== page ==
The proposed DR-CAFTA free trade agreement would provide more opportunities for Georgia's small- to medium-sized companies to conduct business in Central America, according to Georgia businesspeople at a forum held at the Metro Atlanta Chamber of Commerce last week. The U.S. Congress is expected in the next few months to vote on the agreement, known as the Dominican Republic-Central American Free Trade Agreement (DR-CAFTA), that would reduce tariffs on U.S manufacturing and agricultural goods entering the region and encourage foreign investment. Representatives of Georgia companies already doing business in the region participated in a panel at the event, which drew ambassadors and officials from Costa Rica, Dominican Republic, El Salavador, Honduras and Guatemala. Nicaragua, which is also a participant in the agreement, did not have a representative. Juan Chiarella who has worked in Latin America for more than 40 years and is currently president of FJC International Inc., a company that specializes in the import and export of poultry processing equipment, underscored the importance of DR-CAFTA in establishing trust between the region and the U.S. "You cannot go there and move out," Mr. Chiarella said. "The fact that you can sell and move out is the worst thing. To stay and remain and build trust is very important." He also said that companies in the region had made investments to be globally competitive. For instance, he cited the high degree of compliance with the most exacting sanitation regulations in the poultry industry, exceeding compliance in the U.S. "Latin America is ready to meet the needs that the world demands in sanitation," he said. Caroline Hofland, president of Suwanee-based CBH International, Inc., a company that exports U.S. equipment and supplies to agricultural clients in Ecuador, Honduras, Guatemala, Chile, and Peru agreed that the region had developed substantially during the past 10 years. "The technology is so much better than it was. Everybody is tied into the Internet, and it is so much easier to keep up with the documentation," she said.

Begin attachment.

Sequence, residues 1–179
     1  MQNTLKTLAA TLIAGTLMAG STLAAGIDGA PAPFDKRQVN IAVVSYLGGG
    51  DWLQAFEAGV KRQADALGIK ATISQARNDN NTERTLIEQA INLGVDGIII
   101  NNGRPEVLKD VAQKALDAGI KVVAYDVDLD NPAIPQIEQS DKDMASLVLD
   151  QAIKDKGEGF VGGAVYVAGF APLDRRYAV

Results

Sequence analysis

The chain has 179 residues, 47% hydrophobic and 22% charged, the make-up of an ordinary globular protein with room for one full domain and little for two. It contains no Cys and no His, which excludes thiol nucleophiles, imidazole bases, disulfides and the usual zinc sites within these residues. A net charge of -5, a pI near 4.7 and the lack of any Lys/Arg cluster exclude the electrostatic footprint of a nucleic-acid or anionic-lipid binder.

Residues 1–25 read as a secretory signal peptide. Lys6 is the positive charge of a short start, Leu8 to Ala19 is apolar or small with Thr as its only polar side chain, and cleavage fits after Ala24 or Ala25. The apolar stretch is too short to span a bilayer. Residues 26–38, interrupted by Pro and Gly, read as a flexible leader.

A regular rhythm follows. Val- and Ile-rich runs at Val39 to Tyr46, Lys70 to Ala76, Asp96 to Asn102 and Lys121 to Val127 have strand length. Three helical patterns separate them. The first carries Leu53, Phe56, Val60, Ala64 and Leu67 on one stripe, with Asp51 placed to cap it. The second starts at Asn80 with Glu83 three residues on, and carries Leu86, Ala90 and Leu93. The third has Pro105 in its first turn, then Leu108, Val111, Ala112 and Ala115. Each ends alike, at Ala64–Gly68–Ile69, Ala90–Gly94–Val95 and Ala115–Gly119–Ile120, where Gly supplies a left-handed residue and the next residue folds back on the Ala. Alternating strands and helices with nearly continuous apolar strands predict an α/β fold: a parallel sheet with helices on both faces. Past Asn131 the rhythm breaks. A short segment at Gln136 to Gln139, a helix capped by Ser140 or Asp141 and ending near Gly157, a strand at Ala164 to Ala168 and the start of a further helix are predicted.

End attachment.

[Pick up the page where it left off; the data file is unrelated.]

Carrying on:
Ms. Hofland is hopeful that DR-CAFTA will pass because, while the Internet has helped her keep up with documentation, lengthy customs procedures and "rules of origin," regulations have slowed down her business in the past, and DR-CAFTA proposes to streamline and simplify those procedures.
She explained what would happen if one of her clients received specialty curtains, which are used in the insulation of chicken coops, without specific documentation stating that it had been assembled in the U.S. "The business just stops," she said, "and time costs money."
Arturo Sanchez, American-born businessman and former chairman and CEO of Planning Technologies Inc., a company that deals with communications network systems integration, felt that it was important for Central America to attract more U.S. investment because apparel companies and others such as those operating call centers were highly sensitive to cost pressures.
He criticized Costa Rica for losing its cost advantage and that other countries including Argentina and China were increasingly attracting companies away from the region.
Werner Bieri, president and CEO of Buhler Quality Yarns Corp. exporter cotton textiles to Latin America for assembly, believes that DR-CAFTA will "encourage North American investment" in Central America and will be very important to the textile industry. "Free trade is vital for industry here," he said.
For more information, contact Abby Smith at (404) 214-6904.